Acknowledgments

Financial support for Dr. Dodd was provided by a Mitacs Accelerate grant in partnership with Petcurean Pet Nutrition.

Dr. Dodd has received grants in association with pet food companies that produce or distribute plant-based dog foods and has engaged in paid industry internships. Dr. Adolphe is a paid employee of PPN Limited Partnership (Petcurean). Dr. Verbrugghe is the Royal Canin Veterinary Diets Endowed Chair in Canine and Feline Clinical Nutrition at the Ontario Veterinary College.

ABBREVIATIONS

AA

Amino acid

AAFCO

Association of American Feed Control Officials

DHA

Docosahexaenoic acid

FEDIAF

European Pet Food Industry Federation

PUFA

Polyunsaturated fatty acid

Footnotes

a.

Semp PH. Vegan nutrition of dogs and cats. Master's thesis, Veterinary University of Vienna, Vienna, Austria, 2014.

b.

Vegetarian, Royal Canin, St Charles, Mo.

c.

HA-Hypoallergenic, Nestlé Purina PetCare Co, St Louis, Mo.

d.

Delaney SJ. Serum ionized calcium, 25-hydroxyvitamin D, and parathyroid hormone in two dogs fed a homemade diet fortified with vitamin D2 (abstr). J Anim Physiol Anim Nutr 2015;99:818–819.

e.

Wilson L, Tripkovic L, Hart K, et al. Mechanisms for differences in the efficacy of vitamin D2 and vitamin D3: assessment of post-supplementation decline in vitamin D status in the D2-D3 study (abstr), in Proceedings. Annu Conf Nutr Soc 2016;75:E116.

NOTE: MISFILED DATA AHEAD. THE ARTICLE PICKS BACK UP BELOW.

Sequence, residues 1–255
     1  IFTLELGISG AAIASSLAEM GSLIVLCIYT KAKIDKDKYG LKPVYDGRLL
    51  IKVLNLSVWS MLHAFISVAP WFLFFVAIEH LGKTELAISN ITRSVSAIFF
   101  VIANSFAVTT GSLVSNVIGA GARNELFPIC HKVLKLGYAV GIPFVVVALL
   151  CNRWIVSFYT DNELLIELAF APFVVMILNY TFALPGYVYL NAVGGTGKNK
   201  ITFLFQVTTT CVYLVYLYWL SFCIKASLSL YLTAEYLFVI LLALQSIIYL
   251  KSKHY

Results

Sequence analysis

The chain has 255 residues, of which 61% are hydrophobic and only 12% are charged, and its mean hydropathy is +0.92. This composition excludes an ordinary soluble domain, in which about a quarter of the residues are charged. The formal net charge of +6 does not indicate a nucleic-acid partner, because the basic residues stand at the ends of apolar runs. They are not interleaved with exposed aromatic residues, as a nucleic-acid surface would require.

f.

Dodd SAS, Cave NJ, Adolphe JL, et al. Changes in pet feeding practices over the past decade (abstr), in Proceedings. Am Coll Vet Intern Med Forum 2018;894.

g.

Directory of Diplomates of the American College of Veterinary Nutrition. Available at: www.acvn.org/directory/. Accessed Jun 6, 2018.

h.

Directory of Diplomates of the European College of Veterinary and Comparative Nutrition. Available at: ebvs.eu/specialists/find-a-specialist?collegeId=407&countryId=0&specialistTitleId=14. Accessed Jun 6, 2018.

References

  • 1. Berschneider HM. Alternative diets. Clin Tech Small Anim Pract 2002;17:15.

  • 2. Michel KE. Unconventional diets for dogs and cats. Vet Clin North Am Small Anim Pract 2006;36:12691281.